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How Facebook and Twitter have made users become “thoughtful” writers.

I am one of those people who mentally correct people’s English when they are speaking, so often times I pay more attention to the context of a comment rather than the content. However, I have noticed that many of my Facebook friends and Twitter followers are probably taking a bit more care in formulating their thoughts to make their microblog stand out amongst the clutter of the rapidly scrolling wall of posts. And it made me think that I wished that some people put more thought into what they uttered out loud before they hit “send”.

For those who only write once in a while, getting the nerve to write their thoughts and feelings in such a public forum can cause angst and pride at the same time. Some may edit and reread their post several times to make sure it sounds just right. Others are pros and it just flows naturally. But these newbies to the world of microblogging are trying to compete in an arena of natural born speakers with a silver tongue and clever wit. Give these astute writers a momentous event like an east coast earthquake or the death of despised world leader and they will scramble to their smart phones, iPads and laptops to quickly come up with the one post or Tweet that will stand out in hopes that it will go viral. Reading this stream of quips reminds me of an episode of Last Comic Standing. Let’s face it, we all have a shorter attention span because of the gross amounts of information we are bombarded with. I like to read the headlines of the news and if it grabs me, then I will delve into the story. The same is true for microblogging. If the post interests me, then maybe I will dig a little deeper and follow the stream to the person’s page or website for more information. I might even send a direct message with specific questions.But it’s great to be given the option of how much information I want to given.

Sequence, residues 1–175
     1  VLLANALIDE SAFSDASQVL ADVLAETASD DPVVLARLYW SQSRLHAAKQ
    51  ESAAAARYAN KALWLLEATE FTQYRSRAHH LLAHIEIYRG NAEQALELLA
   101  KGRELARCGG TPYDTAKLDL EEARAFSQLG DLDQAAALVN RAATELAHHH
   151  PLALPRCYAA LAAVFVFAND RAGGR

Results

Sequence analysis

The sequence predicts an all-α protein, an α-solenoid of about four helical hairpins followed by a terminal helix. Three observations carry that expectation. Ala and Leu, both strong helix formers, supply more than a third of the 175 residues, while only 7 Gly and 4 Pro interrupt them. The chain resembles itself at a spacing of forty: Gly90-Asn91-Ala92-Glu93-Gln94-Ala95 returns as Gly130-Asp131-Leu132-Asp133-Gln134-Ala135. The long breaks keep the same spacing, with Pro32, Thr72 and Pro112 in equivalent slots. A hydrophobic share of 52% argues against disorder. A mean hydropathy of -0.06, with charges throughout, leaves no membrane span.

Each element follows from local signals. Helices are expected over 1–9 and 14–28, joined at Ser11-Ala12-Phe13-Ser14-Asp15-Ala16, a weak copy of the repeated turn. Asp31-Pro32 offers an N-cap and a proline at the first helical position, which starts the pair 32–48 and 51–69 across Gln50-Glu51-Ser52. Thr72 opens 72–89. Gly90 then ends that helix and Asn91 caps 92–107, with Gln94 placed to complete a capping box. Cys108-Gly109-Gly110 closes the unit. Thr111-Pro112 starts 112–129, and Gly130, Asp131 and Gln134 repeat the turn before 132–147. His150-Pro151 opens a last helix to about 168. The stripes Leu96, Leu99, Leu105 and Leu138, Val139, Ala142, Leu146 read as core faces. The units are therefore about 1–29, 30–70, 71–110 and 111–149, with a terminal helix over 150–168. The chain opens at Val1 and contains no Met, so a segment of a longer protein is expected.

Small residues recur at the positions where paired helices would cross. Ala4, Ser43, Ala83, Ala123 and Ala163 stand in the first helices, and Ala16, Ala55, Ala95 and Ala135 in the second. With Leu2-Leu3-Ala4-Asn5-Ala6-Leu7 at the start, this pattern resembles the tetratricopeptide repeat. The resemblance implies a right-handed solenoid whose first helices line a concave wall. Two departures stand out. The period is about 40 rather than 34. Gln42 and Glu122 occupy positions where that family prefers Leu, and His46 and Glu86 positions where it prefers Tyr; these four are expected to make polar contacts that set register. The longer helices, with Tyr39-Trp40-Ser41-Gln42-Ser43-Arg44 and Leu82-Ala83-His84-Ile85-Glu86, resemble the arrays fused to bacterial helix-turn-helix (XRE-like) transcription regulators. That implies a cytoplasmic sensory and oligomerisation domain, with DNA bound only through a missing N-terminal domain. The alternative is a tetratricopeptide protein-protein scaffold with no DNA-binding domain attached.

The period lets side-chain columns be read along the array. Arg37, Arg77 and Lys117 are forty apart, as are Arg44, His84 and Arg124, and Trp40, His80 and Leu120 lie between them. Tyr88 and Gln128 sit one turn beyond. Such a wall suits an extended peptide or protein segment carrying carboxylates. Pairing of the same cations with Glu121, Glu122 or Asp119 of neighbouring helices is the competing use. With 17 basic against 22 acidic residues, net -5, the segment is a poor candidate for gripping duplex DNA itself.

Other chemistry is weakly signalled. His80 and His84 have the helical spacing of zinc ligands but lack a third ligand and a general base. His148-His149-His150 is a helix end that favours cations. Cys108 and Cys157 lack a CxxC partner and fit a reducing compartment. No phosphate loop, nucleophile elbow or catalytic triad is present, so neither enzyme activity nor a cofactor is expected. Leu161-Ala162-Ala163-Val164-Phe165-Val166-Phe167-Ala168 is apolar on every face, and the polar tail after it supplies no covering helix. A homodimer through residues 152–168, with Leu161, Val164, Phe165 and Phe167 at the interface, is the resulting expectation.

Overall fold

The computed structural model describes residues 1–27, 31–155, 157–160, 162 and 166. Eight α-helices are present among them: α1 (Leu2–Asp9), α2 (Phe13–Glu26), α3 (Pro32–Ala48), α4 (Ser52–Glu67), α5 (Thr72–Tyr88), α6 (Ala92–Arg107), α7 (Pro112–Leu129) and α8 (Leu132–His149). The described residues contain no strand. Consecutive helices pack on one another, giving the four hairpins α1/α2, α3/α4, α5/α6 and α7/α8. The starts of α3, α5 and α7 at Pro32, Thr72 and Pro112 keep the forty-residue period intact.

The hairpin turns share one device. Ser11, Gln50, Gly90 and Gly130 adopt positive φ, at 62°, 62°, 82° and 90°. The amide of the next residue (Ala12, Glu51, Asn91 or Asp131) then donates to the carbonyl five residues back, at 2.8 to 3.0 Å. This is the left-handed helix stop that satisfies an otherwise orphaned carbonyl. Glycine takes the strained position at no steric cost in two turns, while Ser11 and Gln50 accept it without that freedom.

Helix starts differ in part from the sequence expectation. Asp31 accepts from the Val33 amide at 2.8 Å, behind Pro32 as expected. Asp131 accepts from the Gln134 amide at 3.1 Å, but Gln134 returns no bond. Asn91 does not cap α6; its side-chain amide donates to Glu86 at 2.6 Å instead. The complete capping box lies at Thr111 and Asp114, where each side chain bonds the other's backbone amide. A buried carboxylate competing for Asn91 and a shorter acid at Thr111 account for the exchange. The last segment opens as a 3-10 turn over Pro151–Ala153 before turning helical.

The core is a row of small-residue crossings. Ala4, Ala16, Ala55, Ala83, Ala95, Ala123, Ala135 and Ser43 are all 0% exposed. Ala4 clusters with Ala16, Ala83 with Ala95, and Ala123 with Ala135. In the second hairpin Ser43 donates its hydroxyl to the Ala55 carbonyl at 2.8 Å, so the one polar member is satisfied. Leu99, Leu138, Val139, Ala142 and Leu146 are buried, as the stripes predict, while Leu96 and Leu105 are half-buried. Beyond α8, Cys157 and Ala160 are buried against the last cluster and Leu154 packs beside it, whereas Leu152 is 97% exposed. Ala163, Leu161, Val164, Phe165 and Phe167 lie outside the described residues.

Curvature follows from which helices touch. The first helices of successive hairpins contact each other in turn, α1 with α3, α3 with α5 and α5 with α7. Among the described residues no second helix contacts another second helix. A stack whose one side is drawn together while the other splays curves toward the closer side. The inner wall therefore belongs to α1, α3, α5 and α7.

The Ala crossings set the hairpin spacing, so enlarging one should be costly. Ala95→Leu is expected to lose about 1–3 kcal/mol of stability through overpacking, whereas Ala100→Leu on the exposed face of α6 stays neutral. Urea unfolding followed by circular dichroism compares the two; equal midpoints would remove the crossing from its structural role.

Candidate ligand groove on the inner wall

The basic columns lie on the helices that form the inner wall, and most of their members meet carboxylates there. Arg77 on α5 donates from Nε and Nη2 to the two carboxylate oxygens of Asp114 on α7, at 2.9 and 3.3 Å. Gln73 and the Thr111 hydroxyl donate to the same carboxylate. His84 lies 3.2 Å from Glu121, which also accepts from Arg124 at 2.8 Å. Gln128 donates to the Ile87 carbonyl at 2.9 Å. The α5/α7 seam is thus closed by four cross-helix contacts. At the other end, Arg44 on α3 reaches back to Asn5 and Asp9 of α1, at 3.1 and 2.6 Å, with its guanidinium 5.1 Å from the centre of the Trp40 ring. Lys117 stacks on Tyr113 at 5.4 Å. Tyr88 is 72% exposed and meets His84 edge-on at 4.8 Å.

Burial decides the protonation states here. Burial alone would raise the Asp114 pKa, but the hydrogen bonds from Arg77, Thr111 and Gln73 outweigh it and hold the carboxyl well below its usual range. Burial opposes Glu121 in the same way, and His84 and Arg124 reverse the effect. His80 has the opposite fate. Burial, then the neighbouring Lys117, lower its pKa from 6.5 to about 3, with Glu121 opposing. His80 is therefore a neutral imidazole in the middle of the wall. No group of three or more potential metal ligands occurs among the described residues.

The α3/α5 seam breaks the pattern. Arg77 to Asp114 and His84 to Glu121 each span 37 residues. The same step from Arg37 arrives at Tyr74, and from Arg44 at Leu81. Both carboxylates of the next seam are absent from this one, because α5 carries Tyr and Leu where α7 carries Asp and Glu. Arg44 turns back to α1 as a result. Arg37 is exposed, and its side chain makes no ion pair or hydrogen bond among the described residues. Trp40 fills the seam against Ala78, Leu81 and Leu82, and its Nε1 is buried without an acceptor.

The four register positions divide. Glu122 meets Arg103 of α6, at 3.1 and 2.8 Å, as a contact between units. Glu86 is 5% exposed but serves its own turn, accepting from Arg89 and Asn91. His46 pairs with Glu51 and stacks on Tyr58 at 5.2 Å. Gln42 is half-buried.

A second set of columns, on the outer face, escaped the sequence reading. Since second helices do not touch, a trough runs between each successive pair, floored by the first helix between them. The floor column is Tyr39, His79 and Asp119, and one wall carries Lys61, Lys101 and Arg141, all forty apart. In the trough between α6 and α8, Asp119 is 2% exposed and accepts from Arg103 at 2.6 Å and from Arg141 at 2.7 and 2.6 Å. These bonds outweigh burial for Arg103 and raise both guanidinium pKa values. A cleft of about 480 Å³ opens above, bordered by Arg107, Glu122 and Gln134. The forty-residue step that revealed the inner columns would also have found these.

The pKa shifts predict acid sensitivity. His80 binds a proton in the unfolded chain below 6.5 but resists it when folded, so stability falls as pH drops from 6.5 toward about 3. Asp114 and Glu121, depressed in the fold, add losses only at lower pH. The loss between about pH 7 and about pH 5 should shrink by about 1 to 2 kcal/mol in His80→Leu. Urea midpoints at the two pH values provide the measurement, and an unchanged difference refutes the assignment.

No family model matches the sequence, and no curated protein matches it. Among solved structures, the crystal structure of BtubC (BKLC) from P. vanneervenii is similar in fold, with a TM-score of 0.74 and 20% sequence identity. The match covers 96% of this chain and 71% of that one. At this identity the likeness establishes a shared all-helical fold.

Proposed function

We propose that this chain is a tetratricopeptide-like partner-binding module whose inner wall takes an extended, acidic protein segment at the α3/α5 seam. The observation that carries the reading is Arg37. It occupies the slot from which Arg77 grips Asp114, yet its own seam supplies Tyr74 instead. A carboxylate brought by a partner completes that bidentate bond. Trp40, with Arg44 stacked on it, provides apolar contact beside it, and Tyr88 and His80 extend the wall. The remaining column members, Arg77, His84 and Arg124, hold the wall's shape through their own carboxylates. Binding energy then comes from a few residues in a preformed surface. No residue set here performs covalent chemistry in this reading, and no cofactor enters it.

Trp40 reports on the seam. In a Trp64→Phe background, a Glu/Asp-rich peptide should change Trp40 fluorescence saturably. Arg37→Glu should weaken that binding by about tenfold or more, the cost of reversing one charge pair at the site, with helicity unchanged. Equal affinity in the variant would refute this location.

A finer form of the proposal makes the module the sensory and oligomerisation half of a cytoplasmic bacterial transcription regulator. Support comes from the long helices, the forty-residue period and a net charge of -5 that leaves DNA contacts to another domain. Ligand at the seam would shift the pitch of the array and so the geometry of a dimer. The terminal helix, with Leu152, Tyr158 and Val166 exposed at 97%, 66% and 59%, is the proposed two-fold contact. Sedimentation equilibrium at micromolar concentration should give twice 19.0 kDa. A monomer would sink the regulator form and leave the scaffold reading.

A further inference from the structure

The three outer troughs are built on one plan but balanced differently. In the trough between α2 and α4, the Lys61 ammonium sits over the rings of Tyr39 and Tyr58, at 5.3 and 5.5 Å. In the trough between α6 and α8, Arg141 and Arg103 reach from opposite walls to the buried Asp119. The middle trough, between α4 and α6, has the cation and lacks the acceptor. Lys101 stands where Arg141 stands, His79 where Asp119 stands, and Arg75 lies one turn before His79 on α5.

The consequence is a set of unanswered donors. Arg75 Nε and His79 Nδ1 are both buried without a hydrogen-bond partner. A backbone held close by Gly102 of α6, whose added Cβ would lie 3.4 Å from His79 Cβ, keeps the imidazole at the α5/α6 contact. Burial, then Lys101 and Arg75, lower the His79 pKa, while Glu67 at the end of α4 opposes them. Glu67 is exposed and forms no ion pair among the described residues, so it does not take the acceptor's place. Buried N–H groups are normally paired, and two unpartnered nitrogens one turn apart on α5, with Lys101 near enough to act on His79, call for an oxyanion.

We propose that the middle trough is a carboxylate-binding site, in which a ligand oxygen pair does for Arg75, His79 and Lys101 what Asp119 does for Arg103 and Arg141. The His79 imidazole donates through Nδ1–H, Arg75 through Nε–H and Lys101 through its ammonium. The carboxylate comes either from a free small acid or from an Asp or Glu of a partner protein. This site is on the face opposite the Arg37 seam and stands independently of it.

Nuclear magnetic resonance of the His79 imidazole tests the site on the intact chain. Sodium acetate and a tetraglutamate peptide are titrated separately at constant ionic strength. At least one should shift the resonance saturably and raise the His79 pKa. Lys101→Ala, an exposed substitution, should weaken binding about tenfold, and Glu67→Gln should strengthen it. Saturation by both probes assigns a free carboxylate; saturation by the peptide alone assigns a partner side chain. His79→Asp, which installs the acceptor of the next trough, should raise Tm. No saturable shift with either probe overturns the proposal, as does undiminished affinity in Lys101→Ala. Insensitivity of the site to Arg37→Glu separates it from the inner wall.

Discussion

Which leads to another question, do people actually read other posts, or are they just on Facebook and Twitter to get their 15 minutes of fame amongst their friends and followers. I have seen people who are more concerned about the number of people who respond to their posts rather than the actual responses themselves, proving that they aren’t even reading the responses on their own wall, just looking at the number hoping it proves their popularity. For those who need this ego boost, I have news for you: content is king. Give people a reason to come back and have healthy conversations on their walls as well. Sometimes you have to leave the “walls” of your wall to find your true friends.

But where would we be without these little tidbits of information? Facebook and Twitter posts are still great ways to make announcements and share information. A friend of mine commented that without Facebook he would never have know what all of his friend’s kids wore on their first day of school. And Facebook is how I found out I was becoming an aunt again. I should probably respond to that post, but first I’ll think of something really clever to say about how I had to read about it on Facebook. Better yet, I think I’ll pick up the phone. How “thoughtful”.

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